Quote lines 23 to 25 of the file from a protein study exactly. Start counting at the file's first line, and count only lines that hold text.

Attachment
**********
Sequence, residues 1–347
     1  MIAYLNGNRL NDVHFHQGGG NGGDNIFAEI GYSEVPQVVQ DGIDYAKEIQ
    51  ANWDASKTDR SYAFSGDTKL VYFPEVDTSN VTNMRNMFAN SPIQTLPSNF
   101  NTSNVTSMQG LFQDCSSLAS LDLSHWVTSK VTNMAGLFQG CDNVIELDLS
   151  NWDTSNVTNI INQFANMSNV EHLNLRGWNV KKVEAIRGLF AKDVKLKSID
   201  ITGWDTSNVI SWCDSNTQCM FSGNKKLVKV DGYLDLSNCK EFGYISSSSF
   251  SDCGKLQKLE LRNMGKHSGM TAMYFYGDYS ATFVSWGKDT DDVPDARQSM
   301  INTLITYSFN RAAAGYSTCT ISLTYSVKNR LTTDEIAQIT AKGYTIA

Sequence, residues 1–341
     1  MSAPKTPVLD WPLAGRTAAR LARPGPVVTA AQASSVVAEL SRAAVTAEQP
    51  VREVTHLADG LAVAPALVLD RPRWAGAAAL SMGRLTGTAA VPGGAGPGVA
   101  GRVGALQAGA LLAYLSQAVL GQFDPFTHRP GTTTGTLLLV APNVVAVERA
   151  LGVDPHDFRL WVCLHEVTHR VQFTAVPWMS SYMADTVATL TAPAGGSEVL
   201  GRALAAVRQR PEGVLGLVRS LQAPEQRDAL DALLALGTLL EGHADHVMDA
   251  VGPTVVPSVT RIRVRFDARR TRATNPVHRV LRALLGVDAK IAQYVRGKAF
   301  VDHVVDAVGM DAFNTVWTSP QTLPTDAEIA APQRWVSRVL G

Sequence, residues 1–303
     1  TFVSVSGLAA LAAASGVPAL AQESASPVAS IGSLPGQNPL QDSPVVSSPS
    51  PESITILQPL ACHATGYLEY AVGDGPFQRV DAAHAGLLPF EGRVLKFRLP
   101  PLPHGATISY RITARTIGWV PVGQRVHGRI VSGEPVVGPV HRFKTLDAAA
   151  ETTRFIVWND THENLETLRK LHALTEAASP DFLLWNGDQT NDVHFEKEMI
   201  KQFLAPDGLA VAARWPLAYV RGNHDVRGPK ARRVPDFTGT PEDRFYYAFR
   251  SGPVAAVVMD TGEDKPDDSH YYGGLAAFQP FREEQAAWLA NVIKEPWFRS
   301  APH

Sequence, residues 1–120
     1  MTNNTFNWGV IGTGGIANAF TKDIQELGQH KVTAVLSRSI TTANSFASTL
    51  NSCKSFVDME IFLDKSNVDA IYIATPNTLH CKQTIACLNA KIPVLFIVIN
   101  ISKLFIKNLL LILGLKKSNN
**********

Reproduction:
   251  SGPVAAVVMD TGEDKPDDSH YYGGLAAFQP FREEQAAWLA NVIKEPWFRS
   301  APH

Sequence, residues 1–120